While diesel may get dearer by 50 paise in line with the Oil Minister's mandate to increase the price by 40-50 paise per litre every month until the losses from selling the nation's most used fuel at subsidized rates have been completely wiped out, petrol prices may increase by close to Re 1 per litre with international crude prices refusing to fall below $110 per barrel.
"The benchmark international prices of gasoline (petrol) firmed up in the last fortnight. So, the quantum of a petrol price hike in India will be in the vicinity of Re 1 per litre," a third source said. The Indian crude basket (the benchmark of prices averaging various types of crude imported into India) has remained above $112 per barrel.
Indian Oil, the country's largest state-owned refiner, will review diesel prices on Friday or Saturday, said news agency Reuters quoting chairman R.S. Butola.
The price hikes, should they happen, will be the 20th for petrol since the fuel was deregulated. Under deregulation, oil firms are free to decide the quantum and the frequency of a price hike. Since petrol prices were decontrolled in June 2010, they have been revised 27 times (increased 19 times and decreased eight times).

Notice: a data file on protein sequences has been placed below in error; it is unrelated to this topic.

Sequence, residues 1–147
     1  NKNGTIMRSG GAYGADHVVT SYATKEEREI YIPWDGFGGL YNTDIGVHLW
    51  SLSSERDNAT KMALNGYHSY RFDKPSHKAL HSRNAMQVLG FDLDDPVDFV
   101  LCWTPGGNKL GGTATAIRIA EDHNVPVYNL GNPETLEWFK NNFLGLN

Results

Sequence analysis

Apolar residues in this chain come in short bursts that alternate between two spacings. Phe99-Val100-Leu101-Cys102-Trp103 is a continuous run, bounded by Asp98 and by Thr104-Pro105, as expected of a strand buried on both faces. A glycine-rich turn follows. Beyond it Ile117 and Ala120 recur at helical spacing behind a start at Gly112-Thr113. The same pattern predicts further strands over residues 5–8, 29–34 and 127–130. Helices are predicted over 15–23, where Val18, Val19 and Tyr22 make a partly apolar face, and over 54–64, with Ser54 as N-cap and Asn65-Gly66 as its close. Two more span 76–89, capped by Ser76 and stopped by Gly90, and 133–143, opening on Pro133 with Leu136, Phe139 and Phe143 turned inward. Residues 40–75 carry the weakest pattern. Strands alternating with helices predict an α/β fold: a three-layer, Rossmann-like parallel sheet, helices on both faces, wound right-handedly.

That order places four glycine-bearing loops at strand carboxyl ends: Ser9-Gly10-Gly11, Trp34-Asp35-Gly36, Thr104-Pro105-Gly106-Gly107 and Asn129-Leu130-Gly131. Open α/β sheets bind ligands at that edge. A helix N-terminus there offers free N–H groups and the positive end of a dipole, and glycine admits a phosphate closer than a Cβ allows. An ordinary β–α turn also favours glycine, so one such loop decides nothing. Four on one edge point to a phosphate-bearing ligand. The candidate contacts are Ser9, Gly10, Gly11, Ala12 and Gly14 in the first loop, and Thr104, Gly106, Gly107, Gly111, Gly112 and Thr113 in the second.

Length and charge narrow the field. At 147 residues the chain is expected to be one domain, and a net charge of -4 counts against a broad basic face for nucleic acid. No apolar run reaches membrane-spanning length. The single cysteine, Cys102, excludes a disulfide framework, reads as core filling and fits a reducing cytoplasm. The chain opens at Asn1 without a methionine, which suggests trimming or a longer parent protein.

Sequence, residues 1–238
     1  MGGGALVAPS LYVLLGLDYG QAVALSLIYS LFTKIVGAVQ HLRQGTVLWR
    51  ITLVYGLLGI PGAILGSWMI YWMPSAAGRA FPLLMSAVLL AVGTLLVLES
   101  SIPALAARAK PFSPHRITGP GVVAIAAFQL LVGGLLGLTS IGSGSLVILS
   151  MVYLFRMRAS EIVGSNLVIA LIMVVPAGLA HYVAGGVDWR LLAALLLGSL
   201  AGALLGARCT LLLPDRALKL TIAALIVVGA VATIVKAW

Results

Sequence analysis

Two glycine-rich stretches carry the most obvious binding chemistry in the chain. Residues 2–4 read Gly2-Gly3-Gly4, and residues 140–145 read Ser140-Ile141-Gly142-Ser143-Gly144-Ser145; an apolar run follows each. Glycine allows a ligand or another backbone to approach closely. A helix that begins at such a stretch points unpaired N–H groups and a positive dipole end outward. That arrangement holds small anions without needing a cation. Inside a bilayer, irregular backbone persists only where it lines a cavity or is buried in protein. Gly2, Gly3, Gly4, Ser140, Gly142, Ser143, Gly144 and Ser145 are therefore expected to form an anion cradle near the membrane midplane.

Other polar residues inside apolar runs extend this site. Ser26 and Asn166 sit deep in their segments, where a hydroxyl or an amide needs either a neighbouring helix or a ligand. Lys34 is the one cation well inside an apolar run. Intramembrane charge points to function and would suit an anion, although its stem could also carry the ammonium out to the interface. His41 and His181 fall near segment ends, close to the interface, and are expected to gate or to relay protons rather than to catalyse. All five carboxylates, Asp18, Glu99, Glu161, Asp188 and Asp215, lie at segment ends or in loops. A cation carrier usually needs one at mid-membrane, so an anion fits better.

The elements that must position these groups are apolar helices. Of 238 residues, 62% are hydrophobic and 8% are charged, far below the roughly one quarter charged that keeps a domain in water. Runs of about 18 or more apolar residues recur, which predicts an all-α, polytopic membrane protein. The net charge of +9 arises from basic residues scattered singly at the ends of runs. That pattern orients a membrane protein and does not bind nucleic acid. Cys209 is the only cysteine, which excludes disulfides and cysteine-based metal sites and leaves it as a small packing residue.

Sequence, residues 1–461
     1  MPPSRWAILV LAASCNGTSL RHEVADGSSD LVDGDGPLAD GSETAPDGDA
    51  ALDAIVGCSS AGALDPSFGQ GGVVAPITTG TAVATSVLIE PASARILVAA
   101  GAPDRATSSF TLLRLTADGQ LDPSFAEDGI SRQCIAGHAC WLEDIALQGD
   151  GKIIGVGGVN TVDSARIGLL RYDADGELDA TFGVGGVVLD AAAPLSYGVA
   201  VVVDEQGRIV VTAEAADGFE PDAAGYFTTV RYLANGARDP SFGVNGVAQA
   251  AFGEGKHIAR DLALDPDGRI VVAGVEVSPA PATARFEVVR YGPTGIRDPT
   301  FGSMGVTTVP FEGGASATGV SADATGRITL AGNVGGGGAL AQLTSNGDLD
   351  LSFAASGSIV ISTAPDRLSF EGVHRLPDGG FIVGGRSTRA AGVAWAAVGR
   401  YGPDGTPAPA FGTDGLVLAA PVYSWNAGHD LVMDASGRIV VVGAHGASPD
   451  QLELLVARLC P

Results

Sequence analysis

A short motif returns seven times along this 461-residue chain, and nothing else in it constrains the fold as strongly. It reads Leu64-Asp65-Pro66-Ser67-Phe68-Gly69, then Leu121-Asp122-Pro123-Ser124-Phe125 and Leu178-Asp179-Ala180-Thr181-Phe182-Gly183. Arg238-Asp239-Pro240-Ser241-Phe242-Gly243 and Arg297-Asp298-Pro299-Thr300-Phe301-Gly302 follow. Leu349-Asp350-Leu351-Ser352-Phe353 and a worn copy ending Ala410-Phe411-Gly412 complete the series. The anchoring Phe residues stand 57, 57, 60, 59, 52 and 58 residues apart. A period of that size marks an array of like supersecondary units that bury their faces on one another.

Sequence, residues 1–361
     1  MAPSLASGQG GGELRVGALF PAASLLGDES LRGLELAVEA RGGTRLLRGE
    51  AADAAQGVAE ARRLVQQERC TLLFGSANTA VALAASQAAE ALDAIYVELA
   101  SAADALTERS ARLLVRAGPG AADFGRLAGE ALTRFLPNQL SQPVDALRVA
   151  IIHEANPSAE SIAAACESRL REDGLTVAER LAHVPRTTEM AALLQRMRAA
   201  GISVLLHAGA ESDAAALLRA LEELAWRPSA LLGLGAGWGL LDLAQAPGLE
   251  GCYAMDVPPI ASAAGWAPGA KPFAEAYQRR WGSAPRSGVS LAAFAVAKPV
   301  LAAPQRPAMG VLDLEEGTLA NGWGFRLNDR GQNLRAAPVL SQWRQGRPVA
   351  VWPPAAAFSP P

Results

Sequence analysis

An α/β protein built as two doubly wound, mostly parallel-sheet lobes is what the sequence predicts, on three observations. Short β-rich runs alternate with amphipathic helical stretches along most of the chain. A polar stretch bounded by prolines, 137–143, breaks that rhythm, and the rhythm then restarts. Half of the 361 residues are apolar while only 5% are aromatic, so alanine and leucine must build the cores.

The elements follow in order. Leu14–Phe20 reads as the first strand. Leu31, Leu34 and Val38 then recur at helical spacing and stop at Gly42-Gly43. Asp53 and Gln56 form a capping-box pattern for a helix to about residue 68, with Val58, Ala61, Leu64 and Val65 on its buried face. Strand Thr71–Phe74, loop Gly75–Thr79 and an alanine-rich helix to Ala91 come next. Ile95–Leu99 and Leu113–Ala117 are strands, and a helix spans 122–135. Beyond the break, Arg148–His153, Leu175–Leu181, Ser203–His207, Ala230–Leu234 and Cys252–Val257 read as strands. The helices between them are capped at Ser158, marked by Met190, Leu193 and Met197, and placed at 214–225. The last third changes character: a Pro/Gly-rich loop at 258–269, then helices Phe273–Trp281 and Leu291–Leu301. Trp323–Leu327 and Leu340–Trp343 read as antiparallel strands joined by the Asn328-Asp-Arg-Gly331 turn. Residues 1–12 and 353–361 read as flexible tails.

The last revision in petrol and diesel prices happened on January 17 when the price of petrol was reduced by about 29 paisa per litre and that of diesel was hiked by about 50 paisa per litre. Earlier that day, the Union Cabinet permitted the three public sector oil marketing firms - IndianOil, Hindustan Petroleum and Bharat Petroleum - to revise diesel prices by a small quantum every month.
The oil firms lose about Rs. 450 crore every day from haviing to sell diesel, cooking gas (LPG) and kerosene at subsidized rates. For the full year, their total losses are estimated to be more than Rs. 1,50,000 crore. However, these oil firms get compensated for their losses from the Finance Ministry and their sister upstream PSUs such as Oil and Natural Gas Corporation, GAIL and Oil India.
In an effort to ease the burden of having to sell fuels at subsidized rates, the Finance Ministry earlier this week sent letters of comfort to IndianOil, BPCL and HPCL, detailing a payout of Rs.25,000 crore in compensation.
Of the total amount, IndianOil will get Rs. 13,474.56 crore, BPCL Rs. 5,987.25 crore and HPCL Rs. 5,538.19 crore. The Finance Ministry has already given Rs. 30,000 crore in subsidy to the companies in the first two quarters.
The actual disbursement, based on the comfort letter of the ministry, will be made after Parliament has approved the supplementary demands for grants in the forthcoming Budget session.
India is largely dependent on imports for its fuel needs. It imports 80 per cent of the crude it refines, about 3.7 million barrels per day.
In order to minimize its dependency on imports by 2030, the Oil Ministry has proposed to set up a committee under Vijay Kelkar, former advisor to the Finance Ministry, which will submit a proposal in two months. Mr Kelkar also heads a committee on fiscal consolidation that had suggested an increase in fuel prices and the deregulation of diesel.
With inputs from Reuters